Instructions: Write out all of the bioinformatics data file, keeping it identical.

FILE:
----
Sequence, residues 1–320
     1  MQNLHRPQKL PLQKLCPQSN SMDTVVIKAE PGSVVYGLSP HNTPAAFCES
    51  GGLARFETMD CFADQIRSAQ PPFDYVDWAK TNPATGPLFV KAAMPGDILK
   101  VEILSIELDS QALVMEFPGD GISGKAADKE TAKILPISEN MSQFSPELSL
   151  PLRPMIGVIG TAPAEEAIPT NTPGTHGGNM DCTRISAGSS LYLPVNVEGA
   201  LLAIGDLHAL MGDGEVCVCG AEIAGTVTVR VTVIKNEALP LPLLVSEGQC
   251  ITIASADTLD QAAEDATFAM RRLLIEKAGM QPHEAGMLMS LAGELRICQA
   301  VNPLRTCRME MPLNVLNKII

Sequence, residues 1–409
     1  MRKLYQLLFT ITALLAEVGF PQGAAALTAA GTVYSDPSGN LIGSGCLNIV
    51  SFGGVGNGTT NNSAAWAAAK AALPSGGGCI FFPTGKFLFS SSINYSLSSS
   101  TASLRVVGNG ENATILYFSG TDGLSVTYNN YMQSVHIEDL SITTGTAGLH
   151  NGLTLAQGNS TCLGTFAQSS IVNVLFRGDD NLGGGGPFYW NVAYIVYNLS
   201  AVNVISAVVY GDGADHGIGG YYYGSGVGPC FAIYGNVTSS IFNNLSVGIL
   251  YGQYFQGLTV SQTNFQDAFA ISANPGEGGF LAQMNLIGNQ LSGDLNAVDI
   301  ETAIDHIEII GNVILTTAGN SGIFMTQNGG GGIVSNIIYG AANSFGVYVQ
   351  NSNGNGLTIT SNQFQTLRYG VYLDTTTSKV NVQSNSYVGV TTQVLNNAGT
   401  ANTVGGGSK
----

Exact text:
Sequence, residues 1–320
     1  MQNLHRPQKL PLQKLCPQSN SMDTVVIKAE PGSVVYGLSP HNTPAAFCES
    51  GGLARFETMD CFADQIRSAQ PPFDYVDWAK TNPATGPLFV KAAMPGDILK
   101  VEILSIELDS QALVMEFPGD GISGKAADKE TAKILPISEN MSQFSPELSL
   151  PLRPMIGVIG TAPAEEAIPT NTPGTHGGNM DCTRISAGSS LYLPVNVEGA
   201  LLAIGDLHAL MGDGEVCVCG AEIAGTVTVR VTVIKNEALP LPLLVSEGQC
   251  ITIASADTLD QAAEDATFAM RRLLIEKAGM QPHEAGMLMS LAGELRICQA
   301  VNPLRTCRME MPLNVLNKII

Sequence, residues 1–409
     1  MRKLYQLLFT ITALLAEVGF PQGAAALTAA GTVYSDPSGN LIGSGCLNIV
    51  SFGGVGNGTT NNSAAWAAAK AALPSGGGCI FFPTGKFLFS SSINYSLSSS
   101  TASLRVVGNG ENATILYFSG TDGLSVTYNN YMQSVHIEDL SITTGTAGLH
   151  NGLTLAQGNS TCLGTFAQSS IVNVLFRGDD NLGGGGPFYW NVAYIVYNLS
   201  AVNVISAVVY GDGADHGIGG YYYGSGVGPC FAIYGNVTSS IFNNLSVGIL
   251  YGQYFQGLTV SQTNFQDAFA ISANPGEGGF LAQMNLIGNQ LSGDLNAVDI
   301  ETAIDHIEII GNVILTTAGN SGIFMTQNGG GGIVSNIIYG AANSFGVYVQ
   351  NSNGNGLTIT SNQFQTLRYG VYLDTTTSKV NVQSNSYVGV TTQVLNNAGT
   401  ANTVGGGSK